Iowa’s Caitlin Clark is a certified bucket. Clark led the nation in points, three-pointers, assists, and field goals made in just his freshman year in college. As a goal threat, Caitlin’s range is limitless, she can attack or shoot effortlessly using elite ball handling skills, and her vision of the court is even more impressive. Iowa advanced to the Sweet 16 with the No. 2 scoring offense, and Clark is expected to help his team make a deeper run. It was a no-brainer that the Big Ten Freshman of the Year should have been in the National Player of the Year conversation, but that will change this season in his sophomore campaign.
Christine Williams, University of Connecticut
Christyn Williams shined in the NCAA tournament last season, delivering a dominating score for UConn. She played a crucial role in providing the spark and experience the Huskies needed in every round of the 2021 NCAA tournament to advance to the Final Four. Throughout the regular season, Williams made an incredible back end with Paige Bueckers as UConn’s second leading scorer. But what I love about Williams’ game is that he can find the best shot selection in his teammates and the energy from him is unmatched.
Diamond Miller, Maryland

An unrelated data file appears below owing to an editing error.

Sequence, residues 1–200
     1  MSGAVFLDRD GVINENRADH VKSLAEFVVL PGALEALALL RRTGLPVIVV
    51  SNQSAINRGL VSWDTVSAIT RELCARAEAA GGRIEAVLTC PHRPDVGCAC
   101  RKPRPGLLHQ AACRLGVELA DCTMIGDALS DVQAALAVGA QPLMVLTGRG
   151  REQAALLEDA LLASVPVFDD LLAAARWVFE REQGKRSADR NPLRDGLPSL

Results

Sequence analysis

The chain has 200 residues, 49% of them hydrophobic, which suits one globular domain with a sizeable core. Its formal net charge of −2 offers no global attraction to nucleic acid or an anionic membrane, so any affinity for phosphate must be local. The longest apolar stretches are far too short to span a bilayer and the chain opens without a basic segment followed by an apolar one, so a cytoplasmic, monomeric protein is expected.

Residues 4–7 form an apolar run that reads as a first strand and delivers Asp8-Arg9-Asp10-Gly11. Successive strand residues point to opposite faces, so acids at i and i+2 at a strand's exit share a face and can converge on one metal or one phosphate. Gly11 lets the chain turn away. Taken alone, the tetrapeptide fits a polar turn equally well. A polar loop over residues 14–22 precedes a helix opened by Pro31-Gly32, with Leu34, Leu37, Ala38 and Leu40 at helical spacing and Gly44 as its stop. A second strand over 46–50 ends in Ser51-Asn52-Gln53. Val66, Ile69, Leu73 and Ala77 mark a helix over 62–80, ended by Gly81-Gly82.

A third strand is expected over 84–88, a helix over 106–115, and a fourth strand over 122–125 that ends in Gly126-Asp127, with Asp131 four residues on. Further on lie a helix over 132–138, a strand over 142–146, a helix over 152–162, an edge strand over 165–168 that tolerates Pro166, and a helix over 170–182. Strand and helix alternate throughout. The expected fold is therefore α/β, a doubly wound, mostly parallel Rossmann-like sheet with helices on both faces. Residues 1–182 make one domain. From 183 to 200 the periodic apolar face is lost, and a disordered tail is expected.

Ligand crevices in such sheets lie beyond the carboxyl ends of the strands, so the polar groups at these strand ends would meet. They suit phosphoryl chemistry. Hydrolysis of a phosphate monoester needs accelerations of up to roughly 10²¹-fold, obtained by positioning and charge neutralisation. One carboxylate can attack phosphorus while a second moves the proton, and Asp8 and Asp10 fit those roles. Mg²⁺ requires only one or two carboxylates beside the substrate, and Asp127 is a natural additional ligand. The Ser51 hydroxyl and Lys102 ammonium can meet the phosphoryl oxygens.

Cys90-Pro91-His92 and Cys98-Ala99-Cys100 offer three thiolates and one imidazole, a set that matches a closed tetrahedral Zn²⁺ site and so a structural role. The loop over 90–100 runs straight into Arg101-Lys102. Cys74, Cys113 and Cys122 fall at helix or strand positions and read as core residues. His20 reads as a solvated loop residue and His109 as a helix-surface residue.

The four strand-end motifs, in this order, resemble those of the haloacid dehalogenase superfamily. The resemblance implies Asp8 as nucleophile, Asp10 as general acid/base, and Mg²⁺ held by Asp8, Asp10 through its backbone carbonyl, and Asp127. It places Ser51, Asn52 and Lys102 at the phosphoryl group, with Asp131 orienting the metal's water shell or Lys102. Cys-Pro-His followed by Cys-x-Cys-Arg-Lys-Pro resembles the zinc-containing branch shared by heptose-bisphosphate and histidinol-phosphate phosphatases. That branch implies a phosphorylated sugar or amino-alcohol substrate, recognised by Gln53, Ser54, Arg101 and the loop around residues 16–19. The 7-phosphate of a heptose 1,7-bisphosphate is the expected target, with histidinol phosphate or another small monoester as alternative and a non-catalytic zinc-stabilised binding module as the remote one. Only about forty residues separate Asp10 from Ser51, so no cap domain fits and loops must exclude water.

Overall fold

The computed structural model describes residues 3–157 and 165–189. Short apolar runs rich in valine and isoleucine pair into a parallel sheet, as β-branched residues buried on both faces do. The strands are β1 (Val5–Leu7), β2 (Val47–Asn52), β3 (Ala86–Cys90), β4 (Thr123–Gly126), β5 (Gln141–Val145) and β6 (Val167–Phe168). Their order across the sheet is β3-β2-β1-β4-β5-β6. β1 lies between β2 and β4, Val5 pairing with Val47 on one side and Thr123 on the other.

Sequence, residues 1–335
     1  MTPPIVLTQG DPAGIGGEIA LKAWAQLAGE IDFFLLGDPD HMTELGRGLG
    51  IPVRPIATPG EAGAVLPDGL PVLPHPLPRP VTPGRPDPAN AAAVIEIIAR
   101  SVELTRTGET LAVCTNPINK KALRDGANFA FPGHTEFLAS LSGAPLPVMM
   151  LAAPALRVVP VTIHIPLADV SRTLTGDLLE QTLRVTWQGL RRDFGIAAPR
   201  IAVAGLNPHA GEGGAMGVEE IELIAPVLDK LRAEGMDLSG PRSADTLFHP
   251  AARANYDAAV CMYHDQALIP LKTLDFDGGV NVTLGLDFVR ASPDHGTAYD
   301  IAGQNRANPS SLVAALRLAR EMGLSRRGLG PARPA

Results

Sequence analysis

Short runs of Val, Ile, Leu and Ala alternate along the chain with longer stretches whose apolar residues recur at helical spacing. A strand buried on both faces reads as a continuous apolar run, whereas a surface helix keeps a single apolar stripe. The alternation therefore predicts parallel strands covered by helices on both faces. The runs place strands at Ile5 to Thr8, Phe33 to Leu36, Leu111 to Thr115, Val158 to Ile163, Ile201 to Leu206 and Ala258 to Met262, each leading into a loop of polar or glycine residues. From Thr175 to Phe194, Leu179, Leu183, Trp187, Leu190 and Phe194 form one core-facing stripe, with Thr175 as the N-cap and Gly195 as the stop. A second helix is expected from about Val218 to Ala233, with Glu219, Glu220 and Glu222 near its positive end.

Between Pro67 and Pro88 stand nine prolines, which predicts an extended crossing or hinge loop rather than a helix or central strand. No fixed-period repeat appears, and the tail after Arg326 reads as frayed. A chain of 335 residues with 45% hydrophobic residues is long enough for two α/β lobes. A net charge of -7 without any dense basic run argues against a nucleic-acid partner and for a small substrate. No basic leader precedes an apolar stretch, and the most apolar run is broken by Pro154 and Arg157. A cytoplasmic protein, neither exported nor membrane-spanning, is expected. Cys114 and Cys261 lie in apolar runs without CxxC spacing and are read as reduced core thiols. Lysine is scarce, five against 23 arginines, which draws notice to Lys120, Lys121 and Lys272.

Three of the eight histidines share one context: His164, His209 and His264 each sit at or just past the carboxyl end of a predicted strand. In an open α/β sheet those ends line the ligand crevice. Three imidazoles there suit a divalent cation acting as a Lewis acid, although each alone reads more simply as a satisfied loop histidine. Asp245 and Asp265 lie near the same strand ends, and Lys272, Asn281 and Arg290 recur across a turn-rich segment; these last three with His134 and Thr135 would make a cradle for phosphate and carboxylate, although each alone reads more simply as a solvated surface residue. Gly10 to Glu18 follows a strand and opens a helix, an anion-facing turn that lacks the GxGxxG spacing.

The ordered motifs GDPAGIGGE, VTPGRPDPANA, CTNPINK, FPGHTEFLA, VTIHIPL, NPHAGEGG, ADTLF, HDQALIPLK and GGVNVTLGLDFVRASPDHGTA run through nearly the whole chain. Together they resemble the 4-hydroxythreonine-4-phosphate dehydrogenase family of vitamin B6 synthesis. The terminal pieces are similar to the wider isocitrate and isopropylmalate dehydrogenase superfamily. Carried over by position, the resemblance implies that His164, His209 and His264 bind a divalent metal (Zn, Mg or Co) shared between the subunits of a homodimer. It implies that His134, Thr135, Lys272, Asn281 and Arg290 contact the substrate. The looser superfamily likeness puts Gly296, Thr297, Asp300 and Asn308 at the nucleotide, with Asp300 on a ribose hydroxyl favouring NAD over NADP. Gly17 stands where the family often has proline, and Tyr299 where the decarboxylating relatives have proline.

On a team of endless scorers, Diamond Miller is Maryland’s top two scorer that doesn’t get talked about enough. On any given night, Miller might give you a score in the double digits, but her game is endless as an elite rebounder, shot blocker, defender…you name it. Miller enjoys getting the ball off the offensive glass as she drives the ball in transition to attack the basket. Her length and her athleticism make her difficult to handle, as she can end up on top of her defenders.
Elissa Cunane, State of North Carolina
NC State loves to run their offense through Cunane, who brings an incredible inside presence as the Wolfpack’s leading scorer and rebounder. Cunane does a phenomenal job using his length and size to his advantage to get into perfect position and finish at the rim as he absorbs contact. But don’t sleep on his outside game, because Cunane can easily stretch the court by jumping and taking down a 3. The main thing I love about Cunane’s game is the positive energy he creates as a Wolfpack leader and you can tell that to his team. he draws on his energy.